(121c) A Scalable Membrane Pervaporation Approach for Continuous Flow Ring Closing Metathesis

Murnen, H., Compact Membrane Systems
Bio, M., Snapdragon Chemistry
Shangguan, N., Compact Membrane Systems
Majumdar, S., Compact Membrane Systems
Parrish, C., Compact Membrane Systems
Breen, C. P., Massachusetts Institute of Technology
Jamison, T., Massachusetts Institute of Technology
Pervaporation membranes can be used to avoid azeotropic distillation, enable flow chemistry technology, degas organic solvents, dehydrate solvents, drive reactions towards product formation, and more. Compact Membrane Systems (CMS) has demonstrated the effectiveness of their fluoropolymer pervaporation membranes to degas and dewater organic solvents for the pharmaceutical and specialty chemical industries in recent years. These membranes are applicable to a wide variety of solvents and operating conditions including difficult solvents such as NMP, DMSO or THF. In this talk, CMS will describe their newest pervaporation case study, performed in collaboration with Snapdragon Chemistry. A CMS membrane was used to selectively remove ethylene from a ring closing metathesis reaction in toluene to drive product formation and enable the use of flow chemistry.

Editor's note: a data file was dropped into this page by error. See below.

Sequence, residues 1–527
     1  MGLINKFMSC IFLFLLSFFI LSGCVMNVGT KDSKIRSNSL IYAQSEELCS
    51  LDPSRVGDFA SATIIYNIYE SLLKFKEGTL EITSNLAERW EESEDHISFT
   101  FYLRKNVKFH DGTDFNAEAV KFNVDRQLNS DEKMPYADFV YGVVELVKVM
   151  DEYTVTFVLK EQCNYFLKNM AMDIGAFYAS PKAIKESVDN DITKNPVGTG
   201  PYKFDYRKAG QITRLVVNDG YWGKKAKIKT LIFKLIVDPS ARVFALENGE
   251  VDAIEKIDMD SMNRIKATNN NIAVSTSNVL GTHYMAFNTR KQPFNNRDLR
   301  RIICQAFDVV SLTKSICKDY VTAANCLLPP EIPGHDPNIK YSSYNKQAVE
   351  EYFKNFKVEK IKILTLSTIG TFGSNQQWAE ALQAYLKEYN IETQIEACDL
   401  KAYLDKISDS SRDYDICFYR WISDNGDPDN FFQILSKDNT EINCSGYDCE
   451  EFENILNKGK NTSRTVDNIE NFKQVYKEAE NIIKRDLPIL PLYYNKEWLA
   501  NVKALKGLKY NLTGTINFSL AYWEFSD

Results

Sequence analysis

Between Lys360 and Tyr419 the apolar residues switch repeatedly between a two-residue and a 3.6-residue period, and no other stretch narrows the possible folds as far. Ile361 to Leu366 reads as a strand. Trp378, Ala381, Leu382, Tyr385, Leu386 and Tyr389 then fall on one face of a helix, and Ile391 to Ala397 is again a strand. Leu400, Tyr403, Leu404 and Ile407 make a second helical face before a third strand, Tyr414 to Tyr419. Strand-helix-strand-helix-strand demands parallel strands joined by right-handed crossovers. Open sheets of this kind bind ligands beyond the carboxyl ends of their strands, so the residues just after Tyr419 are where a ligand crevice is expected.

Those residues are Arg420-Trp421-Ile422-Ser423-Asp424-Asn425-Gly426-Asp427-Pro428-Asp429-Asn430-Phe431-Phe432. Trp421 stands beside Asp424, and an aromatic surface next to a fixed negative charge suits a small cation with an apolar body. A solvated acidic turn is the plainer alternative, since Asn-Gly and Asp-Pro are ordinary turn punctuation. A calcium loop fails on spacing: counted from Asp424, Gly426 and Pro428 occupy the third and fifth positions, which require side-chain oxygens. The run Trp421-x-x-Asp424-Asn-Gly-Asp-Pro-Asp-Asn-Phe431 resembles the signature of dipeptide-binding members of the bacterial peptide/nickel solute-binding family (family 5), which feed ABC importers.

Using traditional batch techniques, implementing olefin metathesis reactions on the commercial scale has proven challenging, if not impossible. Ring closing reaction mechanisms are commonly used during the preparation of small molecules for the pharmaceutical and fragrance industries. Membranes are a modular, scalable solution that can continuously remove the ethylene byproduct and enable the use of commercial scale continuous ring closing metathesis. This case study details the advantage of using a sheet-in-frame membrane reactor as opposed to a stainless steel tubular reactor. The fluoropolymer membrane has excellent chemical and thermal stability which allows for an extended range of thermal conditions without sacrificing selectivity or flux. Pure ethylene flux of the membrane was also investigated to ensure that the mass transport across the membrane would always be greater than the reaction’s ethylene production rate. Scale up considerations including residence time, required ethylene removal rate and module design will be addressed. The feasibility of using a membrane reactor to remove byproducts shown in this case study is only one example of the reactions that could benefit from the implementation of membrane reactors.